Citi’s Stock Never Sleeps?

02/11/2008 12:00 am EST

Focus: STOCKS

John Dessauer

President, John Dessauer Investments, Inc.

John Dessauer, editor of John Dessauer’s Investor’s World, says the worst of Citigroup’s problems are behind it and he thinks it can bounce back strongly in 2008.

Citigroup (NYSE: C) is the premier international consumer bank, with strong retail banking operations in literally every corner of the world. Citigroup reported a fourth-quarter loss, as expected. But the pessimists weren’t satisfied; they still talk about more bad news coming. They focus on US consumer credit loan-loss reserves. Citigroup raised the loan-loss reserve for consumer credit to $3.31 billion.

Pessimists argue that this increase indicates a broad-based deterioration in consumer credit. However, other news indicates that Citigroup is being conservative in making this move. For instance, GMAC says that delinquent car loans are up only slightly from a year ago. That certainly does not support the pessimists’ argument about a broad-based deterioration in consumer credit.

Citigroup’s quarterly loss of $1.99 a share was its first loss since 1998 and [its] largest ever. Citigroup also cut the dividend to 32 cents per share per quarter, or 4.8% per year. Cutting the dividend saves Citigroup $4.4 billion this year. Add in the $12.5 billion in new capital that is being raised, and Citigroup is well-capitalized and prepared to deal with subprime mortgage issues. Contrary to what some analysts say, I believe this was the “kitchen sink” quarter. The new chief executive officer [Vikram Pandit] want­ed to wipe the slate clean going into 2008.

The bank’s $18.2-billion writedown of subprime securities assumes that every loan in that portfolio will default and the recovery will be only 50% of principal. So far, there has been very little credit deterioration in the underlying mortgages. That may get worse, but it is not likely to come even close to the 50% write-down.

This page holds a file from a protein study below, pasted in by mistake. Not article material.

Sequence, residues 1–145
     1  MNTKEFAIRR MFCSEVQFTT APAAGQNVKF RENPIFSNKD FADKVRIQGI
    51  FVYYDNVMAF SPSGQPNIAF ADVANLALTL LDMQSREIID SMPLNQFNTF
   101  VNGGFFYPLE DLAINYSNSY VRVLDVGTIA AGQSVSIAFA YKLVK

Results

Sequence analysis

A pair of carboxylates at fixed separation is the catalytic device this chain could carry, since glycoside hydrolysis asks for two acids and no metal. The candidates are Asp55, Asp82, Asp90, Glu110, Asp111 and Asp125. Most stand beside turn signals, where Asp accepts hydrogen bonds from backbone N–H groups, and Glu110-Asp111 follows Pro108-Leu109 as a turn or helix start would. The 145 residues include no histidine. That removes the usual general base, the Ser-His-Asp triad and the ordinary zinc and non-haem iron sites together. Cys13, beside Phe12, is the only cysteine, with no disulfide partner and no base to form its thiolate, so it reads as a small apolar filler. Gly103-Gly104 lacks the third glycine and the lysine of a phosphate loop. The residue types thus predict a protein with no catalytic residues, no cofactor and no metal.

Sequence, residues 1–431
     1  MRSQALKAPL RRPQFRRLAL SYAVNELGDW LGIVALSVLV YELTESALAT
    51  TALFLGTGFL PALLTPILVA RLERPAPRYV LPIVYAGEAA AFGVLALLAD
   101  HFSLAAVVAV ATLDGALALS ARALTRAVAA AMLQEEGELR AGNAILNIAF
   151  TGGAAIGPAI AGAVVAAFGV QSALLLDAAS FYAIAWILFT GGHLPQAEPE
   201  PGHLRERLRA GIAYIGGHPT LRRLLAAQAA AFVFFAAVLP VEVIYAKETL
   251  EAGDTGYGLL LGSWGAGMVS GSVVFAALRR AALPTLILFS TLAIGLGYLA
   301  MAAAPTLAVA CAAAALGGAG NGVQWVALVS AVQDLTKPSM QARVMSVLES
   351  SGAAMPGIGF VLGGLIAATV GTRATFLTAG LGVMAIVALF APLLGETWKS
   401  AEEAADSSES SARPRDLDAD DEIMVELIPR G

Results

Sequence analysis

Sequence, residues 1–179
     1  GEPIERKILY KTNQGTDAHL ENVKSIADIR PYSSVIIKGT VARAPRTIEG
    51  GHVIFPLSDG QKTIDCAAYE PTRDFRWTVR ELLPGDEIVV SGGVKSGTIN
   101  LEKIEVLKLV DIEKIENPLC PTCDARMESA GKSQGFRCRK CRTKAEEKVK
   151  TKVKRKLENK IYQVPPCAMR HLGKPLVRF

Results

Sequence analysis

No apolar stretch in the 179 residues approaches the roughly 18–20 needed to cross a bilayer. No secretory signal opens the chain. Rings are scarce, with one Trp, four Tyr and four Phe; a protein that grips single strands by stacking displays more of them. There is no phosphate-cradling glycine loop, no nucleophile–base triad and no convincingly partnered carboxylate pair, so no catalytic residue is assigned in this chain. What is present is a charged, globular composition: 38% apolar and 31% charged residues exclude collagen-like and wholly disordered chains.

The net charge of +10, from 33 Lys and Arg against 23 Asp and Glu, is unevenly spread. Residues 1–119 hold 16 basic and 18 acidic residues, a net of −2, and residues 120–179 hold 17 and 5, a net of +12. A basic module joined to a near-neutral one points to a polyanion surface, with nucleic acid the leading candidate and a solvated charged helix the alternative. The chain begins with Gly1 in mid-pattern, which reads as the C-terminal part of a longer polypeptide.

I found it very interesting when Citigroup’s chief financial officer said again that the mortgages underlying the securities that are being written down are still generating significant cash flows. Write-downs are far different from write-offs. Banks only write off actual loan losses. When Citigroup writes down the value of its mortgage-backed securities holdings, it is marking to market. If the cash flows from these securities continue, then the market value of these securities will rise. What has been written down today can be written up tomorrow.

I still am of the opinion that there is much more fear than reality in today’s market for mortgage-backed securities. If I am right, Citigroup’s stock will recover strongly. In addition, Citigroup reported strong fourth-quarter results from international consumer operations and wealth management. Citigroup has the biggest and best global consumer banking operation, which has the potential to improve future earnings much faster than Wall Street expects. Global operations also generate a lot of cash. Citigroup is a Buy. (It closed at around $26 Friday—Editor,)

(Editor’s Note: John Dessauer recommended Citigroup stock throughout 2007.)

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